Saturday, March 15, 2014

BREAKING: CBA JEC withdraws Judge Lyle's "Qualified" rating

John P. Jacoby, the Chair of the Judicial Evaluation Committee of the Chicago Bar Association, has confirmed to FWIW that, late yesterday, the Executive Committee of the CBA JEC voted to withdraw the finding of "Qualified" that the CBA had previously bestowed upon Judge Freddrenna M. Lyle, candidate for the Gordon vacancy on the Illinois Appellate Court.

Judge Lyle's "Qualified" rating remains published in the CBA Green Guide, available at the CBA website because, according to Jacoby, the JEC's decision was made so late in the day on Friday that there was no way to change it.

Jacoby said the CBA JEC decided to revisit its favorable rating of Judge Lyle after receiving complaints from other candidates that Judge Lyle was touting the CBA "Qualified" rating as if it were an endorsement. The committee action was taken after reviewing both the audio and script of a radio commercial that was played in heavy rotation on WVON. A 75% vote of the JEC Executive Committee was necessary to rescind the rating, Jacoby said.

The JEC is a semi-autonomous committee of the CBA, operating under a governing resolution. Under Rule 27.3 of that governing resolution, Jacoby said, if "potentially material" (information that could reasonably and foreseeably alter the finding) comes to the committee's attention after a finding is given, the Executive Committee can withdraw a current finding and conduct additional investigation and have a new hearing.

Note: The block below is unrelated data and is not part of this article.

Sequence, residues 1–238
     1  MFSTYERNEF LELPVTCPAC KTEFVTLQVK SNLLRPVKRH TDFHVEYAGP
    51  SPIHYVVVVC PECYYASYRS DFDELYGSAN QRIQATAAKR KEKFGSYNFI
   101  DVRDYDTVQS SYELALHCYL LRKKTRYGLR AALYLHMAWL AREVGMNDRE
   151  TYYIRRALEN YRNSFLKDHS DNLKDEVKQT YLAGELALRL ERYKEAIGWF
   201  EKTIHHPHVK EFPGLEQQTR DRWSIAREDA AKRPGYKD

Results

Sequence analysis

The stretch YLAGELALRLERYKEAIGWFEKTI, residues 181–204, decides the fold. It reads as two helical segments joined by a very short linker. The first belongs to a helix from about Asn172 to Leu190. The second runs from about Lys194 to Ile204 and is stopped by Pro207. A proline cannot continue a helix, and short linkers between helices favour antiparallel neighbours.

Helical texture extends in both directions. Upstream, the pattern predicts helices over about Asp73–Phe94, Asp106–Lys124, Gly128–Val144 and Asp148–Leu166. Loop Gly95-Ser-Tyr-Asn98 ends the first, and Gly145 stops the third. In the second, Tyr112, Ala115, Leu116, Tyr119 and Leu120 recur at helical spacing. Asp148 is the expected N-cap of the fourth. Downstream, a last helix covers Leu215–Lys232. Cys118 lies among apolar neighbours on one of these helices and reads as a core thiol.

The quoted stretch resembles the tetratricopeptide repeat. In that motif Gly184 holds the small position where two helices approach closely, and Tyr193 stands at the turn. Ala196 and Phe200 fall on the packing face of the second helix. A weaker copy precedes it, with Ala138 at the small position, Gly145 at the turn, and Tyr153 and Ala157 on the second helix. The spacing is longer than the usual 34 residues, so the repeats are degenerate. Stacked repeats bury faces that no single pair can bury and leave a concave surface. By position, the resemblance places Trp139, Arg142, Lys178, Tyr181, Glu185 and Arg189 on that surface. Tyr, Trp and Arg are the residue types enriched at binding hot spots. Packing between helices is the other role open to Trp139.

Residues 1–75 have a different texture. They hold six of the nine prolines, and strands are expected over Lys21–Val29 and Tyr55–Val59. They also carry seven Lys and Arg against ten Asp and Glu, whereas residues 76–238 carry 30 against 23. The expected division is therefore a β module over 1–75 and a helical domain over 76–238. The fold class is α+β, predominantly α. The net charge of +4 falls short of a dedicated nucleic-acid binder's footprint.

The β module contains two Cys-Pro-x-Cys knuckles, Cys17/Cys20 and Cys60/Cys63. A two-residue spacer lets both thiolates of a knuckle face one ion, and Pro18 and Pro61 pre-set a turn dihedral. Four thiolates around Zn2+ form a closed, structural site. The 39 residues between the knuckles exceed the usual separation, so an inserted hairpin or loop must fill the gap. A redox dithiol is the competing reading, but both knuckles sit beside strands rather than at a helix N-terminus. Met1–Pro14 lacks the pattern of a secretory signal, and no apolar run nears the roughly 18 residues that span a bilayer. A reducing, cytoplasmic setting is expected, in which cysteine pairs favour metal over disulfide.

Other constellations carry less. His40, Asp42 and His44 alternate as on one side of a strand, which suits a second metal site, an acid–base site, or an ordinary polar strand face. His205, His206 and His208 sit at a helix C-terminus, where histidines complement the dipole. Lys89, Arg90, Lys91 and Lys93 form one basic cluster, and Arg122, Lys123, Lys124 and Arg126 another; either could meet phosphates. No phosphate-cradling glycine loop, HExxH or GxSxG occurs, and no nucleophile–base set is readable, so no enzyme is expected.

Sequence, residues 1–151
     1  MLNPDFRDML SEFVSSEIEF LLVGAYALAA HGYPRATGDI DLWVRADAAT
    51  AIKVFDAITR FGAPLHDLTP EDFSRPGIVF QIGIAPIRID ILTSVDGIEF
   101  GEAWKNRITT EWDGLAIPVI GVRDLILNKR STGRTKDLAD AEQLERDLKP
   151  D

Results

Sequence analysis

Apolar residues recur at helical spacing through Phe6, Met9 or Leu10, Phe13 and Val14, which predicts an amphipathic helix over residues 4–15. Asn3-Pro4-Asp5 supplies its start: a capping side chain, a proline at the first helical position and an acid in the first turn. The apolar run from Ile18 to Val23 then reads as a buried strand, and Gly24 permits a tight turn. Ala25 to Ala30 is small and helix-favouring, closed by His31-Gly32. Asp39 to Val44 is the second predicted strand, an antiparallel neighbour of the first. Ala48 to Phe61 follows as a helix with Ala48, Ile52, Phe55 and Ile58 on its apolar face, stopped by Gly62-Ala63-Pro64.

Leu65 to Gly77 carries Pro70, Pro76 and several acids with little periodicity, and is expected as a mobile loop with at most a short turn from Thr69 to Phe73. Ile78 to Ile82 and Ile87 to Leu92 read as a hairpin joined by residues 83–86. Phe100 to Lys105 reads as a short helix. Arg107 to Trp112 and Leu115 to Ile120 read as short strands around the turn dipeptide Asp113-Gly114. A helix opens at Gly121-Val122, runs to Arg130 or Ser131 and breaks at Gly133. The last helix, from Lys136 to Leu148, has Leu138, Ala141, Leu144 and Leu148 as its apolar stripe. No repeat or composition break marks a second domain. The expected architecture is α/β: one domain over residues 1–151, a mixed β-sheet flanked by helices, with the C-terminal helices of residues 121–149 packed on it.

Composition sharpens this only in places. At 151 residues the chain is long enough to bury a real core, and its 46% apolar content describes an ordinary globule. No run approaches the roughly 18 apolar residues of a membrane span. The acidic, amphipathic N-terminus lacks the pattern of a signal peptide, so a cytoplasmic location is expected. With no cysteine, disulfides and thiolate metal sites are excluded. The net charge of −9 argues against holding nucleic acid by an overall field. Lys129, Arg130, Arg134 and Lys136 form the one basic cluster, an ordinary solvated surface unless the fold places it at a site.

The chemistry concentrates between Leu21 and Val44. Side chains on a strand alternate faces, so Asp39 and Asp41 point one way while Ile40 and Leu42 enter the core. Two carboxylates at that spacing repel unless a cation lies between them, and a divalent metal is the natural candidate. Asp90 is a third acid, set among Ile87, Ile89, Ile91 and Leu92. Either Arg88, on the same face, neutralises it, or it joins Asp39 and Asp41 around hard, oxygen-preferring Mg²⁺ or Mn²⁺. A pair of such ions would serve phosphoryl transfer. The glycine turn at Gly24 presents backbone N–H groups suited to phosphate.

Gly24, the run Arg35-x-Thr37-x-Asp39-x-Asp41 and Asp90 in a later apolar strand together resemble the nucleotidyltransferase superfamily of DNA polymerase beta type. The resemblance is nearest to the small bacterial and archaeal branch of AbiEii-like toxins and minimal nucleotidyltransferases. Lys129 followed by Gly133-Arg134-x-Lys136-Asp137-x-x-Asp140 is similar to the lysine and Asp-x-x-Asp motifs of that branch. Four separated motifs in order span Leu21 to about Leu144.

In this case, the concern is that the commercial represented an effort to confuse the voting public into believing that the CBA's "finding" constituted an "endorsement."

All of the bar groups that rate judicial candidates caution that their ratings are not endorsements. On several occasions, Jacoby said, the CBA has noted that a candidate has included a favorable CBA rating on his or her website, on an endorsements page. The CBA has, in those cases, directed the candidate to fix the website to avoid any confusion. But campaign websites, earlier in the election cycle, aren't likely to result in significant voter confusion. This case was different, Jacoby said, because the commercial was being repeatedly played, increasing the chance that voters would be misled into believing that the CBA was endorsing Judge Lyle.

According to JEC rules, after a rating is withdrawn, the committee can conduct additional investigation and schedule a new hearing. "The timing of this violation and the subsequent withdrawal makes it unlikely that a rehearing could be scheduled that would have any result prior to the polls opening Tuesday morning," Jacoby said.

Asked whether the JEC's action was unprecedented, Jacoby pointed out that the "Qualified" finding previously bestowed by the CBA on a countywide candidate was withdrawn earlier in the election cycle. Also, in 2000, Jacoby said, the CBA Board of Managers acted to revoke a "Qualified" finding previously awarded to a Supreme Court candidate because of campaign advertisements.

Judge Lyle advised FWIW that she is "absolutely willing to work with the CBA in any review process."

Judge Lyle said she was informed of the CBA JEC's concern at 4:00 p.m. yesterday. "I thought they were mistaken," Judge Lyle said, "but contacted the staffer who arranged the commercial immediately. Within an hour I had contacted the ad agency. However, before I could converse with the CBA they had voted to rescind."

Judge Lyle said that, insofar as the problem has been explained to her, the issue seems to boil down to two words that were omitted "in the typing and retyping of President Preckwinkle's script for the commercial. I was president of a bar association that engages in judicial evaluations," Lyle said, "and I understand fully that bar associations do not issue endorsements."

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